Victor Davis Hanson Private Papers

The Deplorables Shout Back

Struggling rural America proved disenchanted with the country’s trajectory into something like a continental version of Belgium or the Netherlands: borderless, with a global rather than national sense of self; identity politics in lieu of unity and assimilation; a statist and ossified economy with a few winners moralizing to lots of losers—perhaps as a way of alleviating transitory guilt over their own privilege.

The full lessons of the 2016 election are still being digested (or indeed amplified), but one constant is emerging that the world outside our bi-coastal dynamic, hip, and affluent culture is not very well understood by those who lead the country.

 The Left feels that the interior is a veritable cultural wasteland of obesity, Christianists, nihilist self-destructive behavior, and evenings that shut down at dusk in desperate need of federal moral and regulatory oversight. Read more →

Tear down this dam?

Getty Images

Thousands living downstream from its desperate cascading water releases are evacuating their homes in Hollywood disaster-film fashion. Something premodern and apocalyptic like this was not supposed to have happened in a postmodern California of Google, Hollywood, and Napa Valley wineries.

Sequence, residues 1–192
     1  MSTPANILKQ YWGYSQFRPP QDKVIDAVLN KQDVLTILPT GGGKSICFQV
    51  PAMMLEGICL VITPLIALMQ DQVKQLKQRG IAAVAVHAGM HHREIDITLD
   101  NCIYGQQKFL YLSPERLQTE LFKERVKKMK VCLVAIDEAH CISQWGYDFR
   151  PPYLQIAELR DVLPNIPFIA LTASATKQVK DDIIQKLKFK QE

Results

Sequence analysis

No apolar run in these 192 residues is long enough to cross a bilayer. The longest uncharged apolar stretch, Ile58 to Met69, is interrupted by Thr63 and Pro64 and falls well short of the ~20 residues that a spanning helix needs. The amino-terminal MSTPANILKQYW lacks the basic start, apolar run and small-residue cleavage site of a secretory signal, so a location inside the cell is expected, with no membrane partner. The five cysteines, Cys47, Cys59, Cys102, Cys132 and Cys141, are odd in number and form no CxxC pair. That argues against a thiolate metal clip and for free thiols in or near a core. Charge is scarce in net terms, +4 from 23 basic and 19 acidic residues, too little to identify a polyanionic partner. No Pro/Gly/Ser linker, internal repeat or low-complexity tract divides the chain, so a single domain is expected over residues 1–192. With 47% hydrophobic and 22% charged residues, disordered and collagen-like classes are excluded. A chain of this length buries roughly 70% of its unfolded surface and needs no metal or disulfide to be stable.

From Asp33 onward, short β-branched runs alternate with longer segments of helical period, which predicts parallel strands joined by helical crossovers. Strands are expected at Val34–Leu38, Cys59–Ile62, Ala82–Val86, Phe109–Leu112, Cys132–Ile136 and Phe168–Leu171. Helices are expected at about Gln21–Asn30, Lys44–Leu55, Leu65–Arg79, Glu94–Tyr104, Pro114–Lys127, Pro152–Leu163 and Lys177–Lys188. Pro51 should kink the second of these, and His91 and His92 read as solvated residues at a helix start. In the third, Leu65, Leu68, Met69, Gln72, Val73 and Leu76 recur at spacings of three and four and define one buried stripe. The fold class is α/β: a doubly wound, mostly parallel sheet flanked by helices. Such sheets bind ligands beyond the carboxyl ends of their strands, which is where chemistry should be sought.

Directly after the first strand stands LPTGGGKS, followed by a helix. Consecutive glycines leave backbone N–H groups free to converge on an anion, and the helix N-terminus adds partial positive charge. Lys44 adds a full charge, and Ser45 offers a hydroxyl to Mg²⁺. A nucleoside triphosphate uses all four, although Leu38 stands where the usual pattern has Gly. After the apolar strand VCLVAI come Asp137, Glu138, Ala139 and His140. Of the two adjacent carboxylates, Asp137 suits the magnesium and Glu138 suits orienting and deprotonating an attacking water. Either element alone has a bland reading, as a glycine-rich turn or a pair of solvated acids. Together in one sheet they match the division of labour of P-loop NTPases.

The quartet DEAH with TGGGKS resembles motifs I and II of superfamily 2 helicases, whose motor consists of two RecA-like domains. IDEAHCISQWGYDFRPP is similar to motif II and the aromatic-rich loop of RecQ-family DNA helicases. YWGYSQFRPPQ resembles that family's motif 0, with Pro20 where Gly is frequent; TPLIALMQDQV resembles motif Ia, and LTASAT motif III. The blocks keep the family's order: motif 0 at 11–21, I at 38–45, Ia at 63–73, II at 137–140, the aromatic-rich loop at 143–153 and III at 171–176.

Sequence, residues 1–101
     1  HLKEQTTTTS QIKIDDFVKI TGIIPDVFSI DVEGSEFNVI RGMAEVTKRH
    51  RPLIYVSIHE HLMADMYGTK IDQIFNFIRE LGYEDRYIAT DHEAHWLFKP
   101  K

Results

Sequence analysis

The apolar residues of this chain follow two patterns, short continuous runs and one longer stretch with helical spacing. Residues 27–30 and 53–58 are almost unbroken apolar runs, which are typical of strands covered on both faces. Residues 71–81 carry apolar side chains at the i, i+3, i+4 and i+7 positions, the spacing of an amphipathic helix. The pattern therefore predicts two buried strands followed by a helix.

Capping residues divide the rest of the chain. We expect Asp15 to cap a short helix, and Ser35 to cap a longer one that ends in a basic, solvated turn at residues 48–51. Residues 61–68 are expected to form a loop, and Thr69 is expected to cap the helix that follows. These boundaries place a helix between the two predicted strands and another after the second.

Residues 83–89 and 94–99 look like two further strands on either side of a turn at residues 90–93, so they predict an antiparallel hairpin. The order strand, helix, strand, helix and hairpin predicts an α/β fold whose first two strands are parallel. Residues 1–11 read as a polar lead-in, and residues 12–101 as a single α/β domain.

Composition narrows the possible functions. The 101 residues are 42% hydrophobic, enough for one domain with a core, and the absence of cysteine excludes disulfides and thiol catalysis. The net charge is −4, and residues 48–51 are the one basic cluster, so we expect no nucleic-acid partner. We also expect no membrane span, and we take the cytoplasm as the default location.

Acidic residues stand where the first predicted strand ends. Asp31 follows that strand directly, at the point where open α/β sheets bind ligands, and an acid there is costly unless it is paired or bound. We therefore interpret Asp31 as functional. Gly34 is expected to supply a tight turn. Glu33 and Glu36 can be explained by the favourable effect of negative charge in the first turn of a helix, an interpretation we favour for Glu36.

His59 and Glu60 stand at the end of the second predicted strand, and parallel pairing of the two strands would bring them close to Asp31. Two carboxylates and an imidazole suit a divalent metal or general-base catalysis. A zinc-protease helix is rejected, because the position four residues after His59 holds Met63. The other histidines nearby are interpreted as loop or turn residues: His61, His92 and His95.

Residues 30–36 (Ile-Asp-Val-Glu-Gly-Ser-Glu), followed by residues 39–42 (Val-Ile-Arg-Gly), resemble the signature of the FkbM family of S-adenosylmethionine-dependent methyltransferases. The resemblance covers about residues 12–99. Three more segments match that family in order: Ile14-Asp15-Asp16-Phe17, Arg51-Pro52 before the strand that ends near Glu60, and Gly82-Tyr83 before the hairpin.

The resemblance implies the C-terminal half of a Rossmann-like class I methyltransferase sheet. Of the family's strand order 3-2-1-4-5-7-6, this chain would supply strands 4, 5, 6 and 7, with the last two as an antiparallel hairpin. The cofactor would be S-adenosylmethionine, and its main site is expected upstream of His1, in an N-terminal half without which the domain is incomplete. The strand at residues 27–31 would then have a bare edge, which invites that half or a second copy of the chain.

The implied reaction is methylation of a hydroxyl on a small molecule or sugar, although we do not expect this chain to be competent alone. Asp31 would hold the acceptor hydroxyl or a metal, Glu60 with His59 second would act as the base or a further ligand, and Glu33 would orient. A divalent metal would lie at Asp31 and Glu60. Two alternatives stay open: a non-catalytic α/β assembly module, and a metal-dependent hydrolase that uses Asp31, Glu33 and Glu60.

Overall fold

California’s politicians and pundits in recent years of drought swore the state was entering a cycle of permanent drought (and thus saw no need to start construction on a single dam to store the rain and snow that supposedly would not return). Instead, they warned of the “settled science” of climate change and the need for permanent conservation and restrictions—even as near record storms this year have pushed California’s snow and rain levels in many places to over 200 percent of normal, well beyond the ability of our now ossified water projects to store the deluge that heads out to sea. Read more →

The Oroville Dam disaster is yet another example of California’s decline

PG&E crews work to move two electric transmission line towers as a precaution should the Oroville Dam emergency spillway needs to be used in Oroville, Calif., on Feb. 10. (Los Angeles Times)

By Victor Davis Hanson// Los Angeles Times

A year ago, politicians and experts were predicting a near-permanent statewide drought, a “new normal” desert climate. The most vivid example of how wrong they were is that California’s majestic Oroville Dam is currently in danger of spillway failure in a season of record snow and rainfall. That could spell catastrophe for thousands who live below it and for the state of California at large that depends on its stored water.

The poor condition of the dam is almost too good a metaphor for the condition of the state as a whole; its possible failure is a reflection of California’s civic decline.

The Uses of Populism

by Victor Davis Hanson// National Review

The economy, academia, immigration, and the environment could benefit from Trump’s unorthodox approach.